Global Girls’ Bill of Rights: What Rights Should Every Girl Have?

October 11th marks a special date to celebrate girls’ resilience and empowerment, when we analyze how far we’ve come and how much further we can go in ensuring that girls everywhere have access to the opportunities they need to thrive. This year’s International Day of the Girls’ theme is “GirlForce: Unscripted and unstoppable.” This theme perfectly describes the MAIA Girl Pioneers and their bold path to empowerment. They are trailblazers who are forging a new path through education, mentorship, and leadership development to achieve their infinite impact.

Girl Pioneers during the Girls’ Bill of Rights activity at the MAIA Impact School

Girl Pioneers during the Girls’ Bill of Rights activity at the MAIA Impact School

At MAIA, we believe in the importance of girls’ voices and girl leaders. For far too long, girls have been left out of important conversations about their rights and their future. The world has been making decisions for them rather than with them. This is why we partnered with She’s The First, Akili Dada, and hundreds of girls around the world to develop the International Girls’ Bill of Rights, written by girls, for girls, everywhere. This campaign aims to start a worldwide conversation on the rights that girls deserve and demand.

Girl Pioneers during the Girls’ Bill of Rights activity at the MAIA Impact School

Girl Pioneers during the Girls’ Bill of Rights activity at the MAIA Impact School

Here at the MAIA Impact School, mentors led classroom discussions about girls’ rights. Girl Pioneers selected what they believe are the top rights every girl should have. Three leaders from each mentorship class then participated in a debate, where MAIA’s top rights were decided. We submitted our responses online, and a global panel of girls (including one Girl Pioneer) reviewed over 1,000 responses from all around the world and together selected the final 10 rights for the International Girls’ Bill of Rights.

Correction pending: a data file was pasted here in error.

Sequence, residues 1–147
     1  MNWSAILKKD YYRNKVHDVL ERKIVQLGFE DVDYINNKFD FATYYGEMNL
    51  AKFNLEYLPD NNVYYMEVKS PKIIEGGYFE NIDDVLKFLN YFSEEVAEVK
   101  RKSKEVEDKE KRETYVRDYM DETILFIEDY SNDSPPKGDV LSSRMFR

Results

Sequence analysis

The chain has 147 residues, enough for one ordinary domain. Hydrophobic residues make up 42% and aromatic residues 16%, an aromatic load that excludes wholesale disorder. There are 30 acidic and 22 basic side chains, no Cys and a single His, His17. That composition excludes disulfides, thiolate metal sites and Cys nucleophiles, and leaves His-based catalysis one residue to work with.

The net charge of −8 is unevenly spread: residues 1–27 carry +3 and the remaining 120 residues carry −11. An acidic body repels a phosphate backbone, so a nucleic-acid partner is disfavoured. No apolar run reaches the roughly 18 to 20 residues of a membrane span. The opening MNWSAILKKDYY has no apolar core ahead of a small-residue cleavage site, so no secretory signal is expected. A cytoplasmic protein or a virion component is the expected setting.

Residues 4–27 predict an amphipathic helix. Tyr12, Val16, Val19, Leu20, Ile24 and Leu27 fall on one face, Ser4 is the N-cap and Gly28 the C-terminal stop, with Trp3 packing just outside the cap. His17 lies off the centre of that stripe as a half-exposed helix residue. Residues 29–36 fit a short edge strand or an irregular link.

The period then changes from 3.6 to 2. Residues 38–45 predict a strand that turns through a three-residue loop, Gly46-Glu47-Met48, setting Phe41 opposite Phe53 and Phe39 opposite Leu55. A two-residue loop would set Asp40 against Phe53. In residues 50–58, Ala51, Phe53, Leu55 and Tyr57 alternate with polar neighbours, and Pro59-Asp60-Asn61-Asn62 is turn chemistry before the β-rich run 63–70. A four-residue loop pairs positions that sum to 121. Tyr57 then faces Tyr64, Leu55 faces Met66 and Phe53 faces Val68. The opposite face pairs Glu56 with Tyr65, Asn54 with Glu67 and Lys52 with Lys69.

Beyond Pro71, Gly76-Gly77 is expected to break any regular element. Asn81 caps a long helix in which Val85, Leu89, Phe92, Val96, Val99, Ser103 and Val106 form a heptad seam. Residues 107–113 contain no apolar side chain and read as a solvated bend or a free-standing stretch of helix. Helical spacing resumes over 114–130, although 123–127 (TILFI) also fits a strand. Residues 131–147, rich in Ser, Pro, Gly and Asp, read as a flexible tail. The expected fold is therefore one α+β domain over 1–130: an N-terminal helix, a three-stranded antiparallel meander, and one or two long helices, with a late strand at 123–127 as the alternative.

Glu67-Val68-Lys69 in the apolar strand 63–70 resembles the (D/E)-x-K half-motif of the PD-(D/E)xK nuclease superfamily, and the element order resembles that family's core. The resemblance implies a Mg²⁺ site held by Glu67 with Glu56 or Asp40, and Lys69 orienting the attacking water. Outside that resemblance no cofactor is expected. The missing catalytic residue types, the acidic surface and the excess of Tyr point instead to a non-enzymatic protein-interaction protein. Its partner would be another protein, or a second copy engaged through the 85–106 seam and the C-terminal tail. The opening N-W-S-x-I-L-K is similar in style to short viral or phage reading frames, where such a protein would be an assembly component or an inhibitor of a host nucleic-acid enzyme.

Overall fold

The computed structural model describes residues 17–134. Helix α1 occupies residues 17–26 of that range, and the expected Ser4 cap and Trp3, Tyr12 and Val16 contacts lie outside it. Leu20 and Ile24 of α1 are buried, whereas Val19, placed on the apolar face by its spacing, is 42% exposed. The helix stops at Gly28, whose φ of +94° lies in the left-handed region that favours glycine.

Read the Girls’ Bill of Rights today and join us in amplifying their voices.


All girls have the right to…

1) Free, quality education which prepares them for the modern world: We deserve equal opportunity to attend school all the way to graduation, and we deserve freedom and safe transportation to get there. A girl's right to school should not be impacted by her cultural background, her pregnancy status, or the money her family may lack.

2) Equality: We should be free from discrimination and stereotypes because of being a girl, whether at home, at school, or in our communities. We should have access to equal opportunities and we should never be harassed nor oppressed due to what we wear, what we do, or how we express ourselves.

3)  Involvement in decision-making and pursuit of leadership positions without fear of discrimination, harassment, or persecution: Girls must be allowed to decide what our future holds and be able to lead just as much as boys in school, at home, or in the community. Any decision that affects us should include us in a position of authority. We have the right for our voices to be listened to and respected.

4) Documentation: Every girl has the right to access or acquire all legal and academic documents that will allow her to access opportunities and lead a full life recognized by relevant authorities.

5) Comprehensive sexual education and access to free, quality reproductive healthcare: This includes an education that informs us about our rights, consent, contraception, and healthy relationships. We should also have access to abortion and to proper healthcare, without criticism or shame.

6) Protection from harmful traditions and enjoyment of positive cultural practices: We must be kept safe from non-consensual practices, and be given the opportunity to express the positive elements of our cultures.

7) Safety from all forms of violence: All girls deserve healthy and safe relationships, including with romantic partners, parents, and family members. We should be safe from violence in all locations. All girls deserve shelter, clothing, and food.

8) Decision-making about their body & sexuality: Girls have the right to choose who they love, regardless of gender, and to express their sexuality without censure. We have a right to say “no” and to choose who, when, and if we will marry.